The Berlin airlift began when the Soviets had cut off the roads leading into Berlin.  Stalin was furious that Germany was getting back on its feet and now had a new currency.  He also wanted free Berlin to collapse so it would not be an island of democracy in Eastern Germany.

When NATO was formed (North Atlantic Treaty Organization), it was meant to be a group of nations who would united in defense against communist aggression in Eastern Europe.  The Russians were upset---and saw this as an organized threat to their influence.  They responded by forming a coalition among the communist nations of Eastern Europe.  It would be called the Warsaw Pact (Warsaw is the capital city of Germany).

THE HUAC was the House Un-American Activities Committee.  It was established to probe any person associated with the film industry as being sympathetic to Communist ideas.  Many Hollywood writers, actors and producers were questioned.  Some were banned from the profession and had to work underground.  This ban was referred to as a "blacklist."

The outcome of the Korean was was that North and South Korea were divided at the 38th parallel---the same division that had been before the war began.  This division area is often called the DMZ.  North Korea remains a closed, backward, and dictatorial state with widespread violations of human rights.  Starvation and oppression have killed hundreds of thousands of North Koreans, if not millions.

Senator Joseph McCarthy believed that communism had infiltrated numerous organizations and persons in the United States.   He led accusations again many, including members of the United States military.   When he appeared on television, however, he was exposed as a bully, a zealot, and someone who was leading a "witch hunt" that would destroy people's lives.  Now that decades have pased and we have learned more about communist activity in the United States, there is no doubt that McCarthy's accusations and some support to them.

After World War II, the demand for oil continued.  In the Middle East, both the United States and Russia tried to gain power or influence in the oil producing nations.   Things were even more complicated when the United States supported the newly created state of Israel.   The United States continued to gain favor and influence in the Middle East to thwart the Soviet Union.

After World War II, the United States Gross National Product (economic growth) doubled.  This was due to the intense military build up and a more educated work force.

There were many changes in the work force.   Earlier, most jobs had been blue collar or depending on manual labor.  After the war however, machines and automation replaced some of these jobs.   College education increased and more white collar jobs increased.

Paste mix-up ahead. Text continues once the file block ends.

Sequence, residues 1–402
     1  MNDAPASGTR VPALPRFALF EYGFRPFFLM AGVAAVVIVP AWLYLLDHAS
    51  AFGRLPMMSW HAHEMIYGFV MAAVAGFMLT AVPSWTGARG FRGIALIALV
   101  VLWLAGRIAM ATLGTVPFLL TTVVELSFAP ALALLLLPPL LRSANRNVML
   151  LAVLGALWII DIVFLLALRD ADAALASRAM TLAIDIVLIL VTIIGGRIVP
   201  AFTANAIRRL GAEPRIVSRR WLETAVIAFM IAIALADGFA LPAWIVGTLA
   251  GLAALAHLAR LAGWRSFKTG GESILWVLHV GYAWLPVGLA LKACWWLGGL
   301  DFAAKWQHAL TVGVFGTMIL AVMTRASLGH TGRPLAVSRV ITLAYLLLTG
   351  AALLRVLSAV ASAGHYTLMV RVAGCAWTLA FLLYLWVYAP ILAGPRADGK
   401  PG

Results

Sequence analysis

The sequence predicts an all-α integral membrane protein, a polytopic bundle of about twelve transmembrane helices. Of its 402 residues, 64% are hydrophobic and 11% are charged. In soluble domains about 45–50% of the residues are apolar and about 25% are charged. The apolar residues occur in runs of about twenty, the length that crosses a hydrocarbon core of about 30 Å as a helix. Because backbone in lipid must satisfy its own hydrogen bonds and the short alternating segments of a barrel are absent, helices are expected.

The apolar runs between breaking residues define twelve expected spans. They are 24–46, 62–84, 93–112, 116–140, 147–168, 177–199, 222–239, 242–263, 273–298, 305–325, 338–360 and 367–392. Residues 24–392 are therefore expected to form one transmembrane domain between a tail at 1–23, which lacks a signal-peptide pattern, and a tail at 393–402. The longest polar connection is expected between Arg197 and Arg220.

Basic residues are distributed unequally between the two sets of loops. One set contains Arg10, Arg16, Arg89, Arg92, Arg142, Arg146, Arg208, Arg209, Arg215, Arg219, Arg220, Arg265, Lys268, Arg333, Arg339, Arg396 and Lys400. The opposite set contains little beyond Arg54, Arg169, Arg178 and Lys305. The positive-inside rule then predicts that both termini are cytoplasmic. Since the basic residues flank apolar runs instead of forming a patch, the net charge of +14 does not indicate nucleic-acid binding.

The Interstate Highway Act of 1956 meant that a huge interstate highway system was build.  This allowed for a new car culture to develop.   Trains lost business as more and more people took to their cars to travel the United States.  Each year, new car models were develped for eager consumers.

Dr. Benjamin Spock believed that women should stay home and raise their children.  At the same time, he meant to instill confidence in young mothers about how they raise their children.

The beatnik culture of the 1950s preceded what would be the hippie culture of the 1960s.  Beatniks were a curious group who stressed spontaneity over conformity.  At the same time, many were self centered and have messy personal lives.

Recovering from the World War II meant a few rocky years for the economy.  Soldiers were now unemployed and price control ended.  Once price controls were lifted, inflation soared, and prices went up almost 24 percent.  In the meanwhile, wages could not keep up with the price of goods.   It would take some time for the economy to regulate.

When the Sputnik satellite was launched, there was a great fear that the Russians were smarter than the Americans---and this began in the schools.  Science and math instruction was now implemented in the schools.  The National Defense Education Act encouraged scientific and technical education and even gave loans for those who became teachers in those subjects.

Television was now in everyone's home, and it became and advertising bonanza.  Products from lunch pails to toys were now linked to popular shows.

The mood of the fifties would be in stark contrast to what we will learn about the 1960s.  Comfort, security, and conformity were valued over adventure.  Americans spent money to fit in:  they dressed the same, lived in similar neighborhoods, their children knew each other.  They did not want their children to go through the rough depression era childhoods they had---or know the terrors of war.  Teenage culture developed.

Women had always worked outside the home, but by 1960, the figure had risen to 31.  Still, women worked for less pay, and often they were limited to typical female professions.  Millions of women were frustrated with their constrained roles.

Questions on Civil Rights (you will need to know these as we are going through the Civil Rights movement very quickly and have lost some days to snow days.)